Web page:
EU and Iran economy linkEconomy 17 May 2021
The EU and Iran maintain low level quality of bilateral relations. Iran as the Middle East regional power is generally politically opposing the Western policy, while the EU was great mediator in 2015 nuclear talks and agreement regarding the conventional armament. What is the overall quality of economic and trade relations between the two sides? Are there any links (if not political) between the EU and Iran?
The EU Commission announced that in 2020, Iran was the EU’s 56th biggest trade partner. More than 17.5% of Iran’s imports came from the EU and 5.1% of the country’s exports went to the EU. The EU is Iran’s 2nd biggest trade partner, representing 12.3% of the country’s total trade in goods with the world in 2020. Before the current sanctions’ regime, the EU used to be the most important partner of Iran.
Total trade in goods between the EU and Iran in 2020 amounted to €4.5 billion. The EU’s imports were worth €0.7 billion and were dominated by agriculture and raw materials (€0.4 billion, 57.1%), followed by chemicals (€0.1 billion, 14.2%). The EU’s exports amounted to €3.8 billion and were led by machinery and transport equipment (€1.3 billion, 34.2%), chemicals (€1.0 billion, 26.3%) and agriculture and raw materials (€0.7 billion, 18.4%).
Two-way trade in services totaled €1.5 billion in 2019, with EU imports of services representing €0.7 billion and exports €0.8 billion. However, the economic history was not fruitful at all. Trade with Iran is subject to the general EU import regime, since Iran is not a member of the World Trade Organisation (WTO) and no bilateral agreement exists between the EU and Iran. The EU supports the goal of Iranian accession to the WTO, a necessary step for Iran to trade globally as an effective and reliable actor.
Negotiations for a non-preferential Trade and Cooperation Agreement took place, in parallel with negotiations on Political Dialogue and Counter-Terrorism between 2002 and 2005. These negotiations were put on hold after Iran resumed its uranium conversion programme. There are no current plans to reactivate these negotiations.
Web portal Tehran times reported that as reported, Iran’s weight of non-oil trade with EU members reached 6.73 million tons in the mentioned time span. The weight of non-oil trade between Iran and EU members jumped 15.5 percent while the value of trade fell 18.7 percent. Iran exported 1.05 million tons of non-oil commodities worth $900 million to EU while imported 5.68 million tons of goods valued at $7.67 billion during the mentioned period of time.
Economic history with Iran was evolving around the political and security talks between the two sides. In 2010, the EU imposed heavy set of sanctions against Iran. The direct or indirect supply, sale or transfer of the following items, materials, equipment, goods and technology, including software, to, or for the use in, or benefit of, Iran, by nationals of Member States, or through the territories of Member States, or using their flag vessels or aircraft, shall be prohibited whether or not originating in their territories: (a) items, materials, equipment, goods and technology contained in the Nuclear Suppliers Group and Missile Technology Control Regime lists; (b) any additional items, materials, equipment, goods and technology, determined by the Security Council or the Committee, which could contribute to enrichment-related, reprocessing or heavy water-related activities, or to the development of nuclear weapon delivery systems; (c) arms and related materiel of all types, including weapons and ammunition, military vehicles and equipment, paramilitary equipment and spare parts for such arms and related materiel, as well as equipment which might be used for internal repression.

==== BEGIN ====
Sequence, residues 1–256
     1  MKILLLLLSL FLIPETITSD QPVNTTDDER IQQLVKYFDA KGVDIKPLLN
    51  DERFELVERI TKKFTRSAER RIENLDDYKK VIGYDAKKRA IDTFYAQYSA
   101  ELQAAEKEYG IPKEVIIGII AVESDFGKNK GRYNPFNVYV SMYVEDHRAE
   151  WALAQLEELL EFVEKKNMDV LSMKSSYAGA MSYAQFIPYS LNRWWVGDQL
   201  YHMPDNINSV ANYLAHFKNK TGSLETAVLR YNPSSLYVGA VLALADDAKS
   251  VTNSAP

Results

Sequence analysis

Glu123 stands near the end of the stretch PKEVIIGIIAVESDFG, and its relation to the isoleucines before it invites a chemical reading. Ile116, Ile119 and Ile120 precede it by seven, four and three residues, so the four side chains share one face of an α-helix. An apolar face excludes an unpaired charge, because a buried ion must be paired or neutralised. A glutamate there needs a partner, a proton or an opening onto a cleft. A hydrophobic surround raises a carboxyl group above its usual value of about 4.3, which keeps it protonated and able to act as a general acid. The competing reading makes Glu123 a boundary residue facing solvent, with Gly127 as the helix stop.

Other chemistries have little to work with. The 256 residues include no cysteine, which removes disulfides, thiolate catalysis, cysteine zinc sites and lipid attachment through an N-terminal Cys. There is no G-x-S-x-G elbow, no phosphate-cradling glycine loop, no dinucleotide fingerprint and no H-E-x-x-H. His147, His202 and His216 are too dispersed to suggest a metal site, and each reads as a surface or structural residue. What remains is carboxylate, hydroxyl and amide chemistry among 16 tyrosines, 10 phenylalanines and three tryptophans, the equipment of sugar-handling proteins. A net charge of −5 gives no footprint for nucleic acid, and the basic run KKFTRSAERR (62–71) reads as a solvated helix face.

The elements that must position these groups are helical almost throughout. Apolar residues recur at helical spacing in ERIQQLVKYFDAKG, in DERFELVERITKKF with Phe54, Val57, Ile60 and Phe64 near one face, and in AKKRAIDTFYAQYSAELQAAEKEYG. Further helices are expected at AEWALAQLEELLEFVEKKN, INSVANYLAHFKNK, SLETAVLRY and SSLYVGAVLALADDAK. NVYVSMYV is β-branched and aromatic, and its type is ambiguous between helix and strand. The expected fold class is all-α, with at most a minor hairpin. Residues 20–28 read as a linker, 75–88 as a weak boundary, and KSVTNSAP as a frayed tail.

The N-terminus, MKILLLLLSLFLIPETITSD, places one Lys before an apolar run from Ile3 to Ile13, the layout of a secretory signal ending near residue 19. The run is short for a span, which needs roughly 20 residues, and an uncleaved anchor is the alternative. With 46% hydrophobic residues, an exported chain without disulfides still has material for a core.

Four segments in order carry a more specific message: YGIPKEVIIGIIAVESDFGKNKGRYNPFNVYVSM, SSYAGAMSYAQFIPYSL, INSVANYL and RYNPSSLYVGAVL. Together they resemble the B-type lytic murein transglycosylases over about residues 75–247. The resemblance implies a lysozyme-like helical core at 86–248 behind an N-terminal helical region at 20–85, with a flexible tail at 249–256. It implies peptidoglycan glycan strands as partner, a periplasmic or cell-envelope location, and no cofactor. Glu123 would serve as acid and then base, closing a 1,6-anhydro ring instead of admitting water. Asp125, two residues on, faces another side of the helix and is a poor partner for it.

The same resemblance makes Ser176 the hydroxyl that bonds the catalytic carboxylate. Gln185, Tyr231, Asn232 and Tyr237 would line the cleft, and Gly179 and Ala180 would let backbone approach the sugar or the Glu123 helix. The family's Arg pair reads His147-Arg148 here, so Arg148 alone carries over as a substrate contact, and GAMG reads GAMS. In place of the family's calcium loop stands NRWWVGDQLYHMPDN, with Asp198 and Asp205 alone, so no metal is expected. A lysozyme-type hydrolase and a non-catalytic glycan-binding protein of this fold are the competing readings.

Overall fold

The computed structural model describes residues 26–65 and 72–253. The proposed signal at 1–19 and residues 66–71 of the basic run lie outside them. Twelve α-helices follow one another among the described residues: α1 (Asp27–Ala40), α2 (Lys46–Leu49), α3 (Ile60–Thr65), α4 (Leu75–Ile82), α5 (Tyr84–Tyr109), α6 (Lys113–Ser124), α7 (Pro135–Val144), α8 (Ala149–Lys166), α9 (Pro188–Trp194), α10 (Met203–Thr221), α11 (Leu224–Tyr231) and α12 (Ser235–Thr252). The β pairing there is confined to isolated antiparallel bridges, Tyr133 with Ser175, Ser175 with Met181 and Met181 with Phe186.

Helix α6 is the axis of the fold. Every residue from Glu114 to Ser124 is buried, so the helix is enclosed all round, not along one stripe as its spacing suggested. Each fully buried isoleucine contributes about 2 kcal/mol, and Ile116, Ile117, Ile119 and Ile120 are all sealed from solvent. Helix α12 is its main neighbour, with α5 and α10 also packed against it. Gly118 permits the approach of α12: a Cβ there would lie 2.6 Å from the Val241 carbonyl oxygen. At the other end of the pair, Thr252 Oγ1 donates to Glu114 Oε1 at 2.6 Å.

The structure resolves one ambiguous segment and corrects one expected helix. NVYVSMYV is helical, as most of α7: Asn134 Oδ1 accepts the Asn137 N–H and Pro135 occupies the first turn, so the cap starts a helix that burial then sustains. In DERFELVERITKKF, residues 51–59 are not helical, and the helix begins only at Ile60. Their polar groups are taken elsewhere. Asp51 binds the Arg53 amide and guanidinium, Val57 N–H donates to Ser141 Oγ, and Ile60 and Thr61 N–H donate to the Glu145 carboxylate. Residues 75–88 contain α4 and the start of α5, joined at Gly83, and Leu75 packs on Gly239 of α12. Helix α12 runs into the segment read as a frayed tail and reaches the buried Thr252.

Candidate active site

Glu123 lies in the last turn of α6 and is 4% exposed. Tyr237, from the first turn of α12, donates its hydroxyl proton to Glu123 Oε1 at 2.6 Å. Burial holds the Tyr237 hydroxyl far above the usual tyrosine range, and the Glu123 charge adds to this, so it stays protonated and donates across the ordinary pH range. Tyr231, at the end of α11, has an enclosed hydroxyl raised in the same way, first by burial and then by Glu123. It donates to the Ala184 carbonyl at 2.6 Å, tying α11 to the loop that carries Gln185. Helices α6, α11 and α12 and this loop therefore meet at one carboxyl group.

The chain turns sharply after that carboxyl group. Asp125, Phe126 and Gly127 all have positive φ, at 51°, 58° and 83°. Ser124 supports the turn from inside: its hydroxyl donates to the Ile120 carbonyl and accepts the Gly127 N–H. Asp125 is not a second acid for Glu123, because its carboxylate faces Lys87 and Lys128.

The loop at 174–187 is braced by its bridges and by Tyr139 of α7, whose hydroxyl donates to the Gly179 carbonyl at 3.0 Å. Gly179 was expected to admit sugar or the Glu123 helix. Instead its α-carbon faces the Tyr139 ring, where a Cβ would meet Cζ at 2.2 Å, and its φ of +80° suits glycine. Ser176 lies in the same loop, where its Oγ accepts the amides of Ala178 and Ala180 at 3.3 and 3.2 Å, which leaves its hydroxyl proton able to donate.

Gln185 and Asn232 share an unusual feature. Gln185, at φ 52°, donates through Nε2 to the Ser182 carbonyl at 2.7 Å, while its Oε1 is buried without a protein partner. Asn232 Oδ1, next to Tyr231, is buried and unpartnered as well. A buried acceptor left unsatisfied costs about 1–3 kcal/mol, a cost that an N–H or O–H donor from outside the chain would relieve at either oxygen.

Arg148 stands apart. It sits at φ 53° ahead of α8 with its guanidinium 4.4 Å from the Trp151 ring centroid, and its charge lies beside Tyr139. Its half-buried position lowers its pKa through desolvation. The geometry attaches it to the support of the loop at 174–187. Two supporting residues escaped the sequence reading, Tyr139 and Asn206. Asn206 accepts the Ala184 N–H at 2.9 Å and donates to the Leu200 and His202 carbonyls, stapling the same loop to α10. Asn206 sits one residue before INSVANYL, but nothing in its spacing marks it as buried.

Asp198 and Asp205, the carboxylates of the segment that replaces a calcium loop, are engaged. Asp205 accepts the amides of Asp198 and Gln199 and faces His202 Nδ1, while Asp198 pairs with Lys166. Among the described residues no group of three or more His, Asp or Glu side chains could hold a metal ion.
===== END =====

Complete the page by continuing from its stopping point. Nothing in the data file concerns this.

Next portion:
This prohibition shall not apply to non-combat vehicles which have been manufactured or fitted with materials to provide ballistic protection, intended solely for protective use of personnel of the EU and its Member States in Iran; (d) certain other items, materials, equipment, goods and technology that could contribute to enrichment-related, reprocessing or heavy water-related activities, to the development of nuclear weapon delivery systems or to the pursuit of activities related to other topics about which the IAEA has expressed concerns or identified as outstanding. The Union shall take the necessary measures in order to determine the relevant items to be covered by this provision.
The lifting of sanctions was an essential part of the JCPOA. The EU fulfilled all its legal obligations on 16 January 2016 (Implementation Day) when the EU legislative framework providing for the lifting of economic and financial nuclear-related sanctions entered effect. On the same day UN financial nuclear-related sanctions and United States secondary nuclear-related sanctions were also lifted. Sanctions imposed by the EU in view of the human rights situation in Iran, support for terrorism and other grounds are not part of the JCPOA and remain in place.